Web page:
Journal article

Long-term single-cell imaging and simulations of microtubules reveal principles behind wall patterning during proto-xylem development

Rene Schneider, Kris van't Klooster, Kelsey L Picard, Jasper van der Gucht, Taku Demura, Marcel Janson, Arun Sampathkumar, Eva E Deinum, Tijs Ketelaar, Staffan Persson



Plants are the tallest organisms on Earth; a feature sustained by solute-transporting xylem vessels in the plant vasculature. The xylem vessels are supported by strong cell walls that are assembled in intricate patterns. Cortical microtubules direct wall deposition and need to rapidly re-organize during xylem cell development. Here, we establish long-term live-cell imaging of single Arabidopsis cells undergoing proto-xylem trans-differentiation, resulting in spiral wall patterns, to understand microtubule re-organization. We find that the re-organization requires local microtubule de-stabilization in band-interspersing gaps. Using microtubule simulations, we recapitulate the process in silic..

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University of Melbourne Researchers


Awarded by SRON space research programme - Netherlands Organization for Scientific Research (NWO)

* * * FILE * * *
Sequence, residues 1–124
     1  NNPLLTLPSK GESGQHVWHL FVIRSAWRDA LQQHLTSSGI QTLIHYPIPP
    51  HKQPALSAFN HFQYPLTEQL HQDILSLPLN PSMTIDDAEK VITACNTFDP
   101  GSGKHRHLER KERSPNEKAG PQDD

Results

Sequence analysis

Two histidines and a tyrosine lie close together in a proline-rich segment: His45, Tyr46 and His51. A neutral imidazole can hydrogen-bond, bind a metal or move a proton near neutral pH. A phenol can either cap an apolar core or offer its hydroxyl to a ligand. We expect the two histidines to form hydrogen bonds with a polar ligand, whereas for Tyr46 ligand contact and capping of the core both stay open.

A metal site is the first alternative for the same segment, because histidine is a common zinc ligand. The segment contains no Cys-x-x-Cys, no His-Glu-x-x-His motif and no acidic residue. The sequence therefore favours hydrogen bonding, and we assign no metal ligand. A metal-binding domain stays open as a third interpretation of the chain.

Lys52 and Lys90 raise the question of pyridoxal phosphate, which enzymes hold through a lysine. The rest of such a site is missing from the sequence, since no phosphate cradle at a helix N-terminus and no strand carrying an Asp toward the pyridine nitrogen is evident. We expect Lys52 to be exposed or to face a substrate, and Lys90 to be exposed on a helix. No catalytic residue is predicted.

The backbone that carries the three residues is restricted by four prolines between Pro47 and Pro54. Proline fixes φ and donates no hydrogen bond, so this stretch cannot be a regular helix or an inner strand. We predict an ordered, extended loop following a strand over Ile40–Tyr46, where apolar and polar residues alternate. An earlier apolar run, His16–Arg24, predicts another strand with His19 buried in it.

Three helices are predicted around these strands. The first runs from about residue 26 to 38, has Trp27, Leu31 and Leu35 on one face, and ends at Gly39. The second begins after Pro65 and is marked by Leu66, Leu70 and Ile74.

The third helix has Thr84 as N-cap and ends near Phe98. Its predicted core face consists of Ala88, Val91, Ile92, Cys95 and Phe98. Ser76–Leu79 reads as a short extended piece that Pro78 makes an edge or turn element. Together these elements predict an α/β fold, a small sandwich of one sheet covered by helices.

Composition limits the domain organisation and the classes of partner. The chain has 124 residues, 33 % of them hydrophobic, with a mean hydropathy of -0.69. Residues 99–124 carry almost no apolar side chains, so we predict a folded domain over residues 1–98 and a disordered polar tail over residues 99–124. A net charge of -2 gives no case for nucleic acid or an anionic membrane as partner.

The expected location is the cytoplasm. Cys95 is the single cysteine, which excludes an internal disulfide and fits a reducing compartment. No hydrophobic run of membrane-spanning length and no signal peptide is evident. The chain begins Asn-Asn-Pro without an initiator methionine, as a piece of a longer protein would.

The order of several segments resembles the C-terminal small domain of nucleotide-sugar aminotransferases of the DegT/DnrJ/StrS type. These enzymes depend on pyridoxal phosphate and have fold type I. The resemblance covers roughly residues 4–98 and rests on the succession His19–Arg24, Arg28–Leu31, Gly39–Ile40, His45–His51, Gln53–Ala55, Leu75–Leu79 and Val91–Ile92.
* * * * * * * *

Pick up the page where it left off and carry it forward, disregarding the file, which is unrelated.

Awarded by ARC

Awarded by Villum Investigator grant

Awarded by Novo Nordisk Laureate grant

Funding Acknowledgements

K.v.t.K. was supported by the SRON space research programme with project number GO-MG/15, which is financed by the Netherlands Organization for Scientific Research (NWO). We thank the Wageningen Light Microscopy Centre (WU) and the Biological Optical Microscopy Platform (BOMP, University of Melbourne) for the use of their facilities, and Bela Mulder for helpful discussions. S.P. was supported by R@MAP Professor Funds at University of Melbourne and an ARC DP and FT grants (DP190101941; FT160100218), and a Villum Investigator grant (Project ID: 25915) and Novo Nordisk Laureate grant (NNF19OC0056076).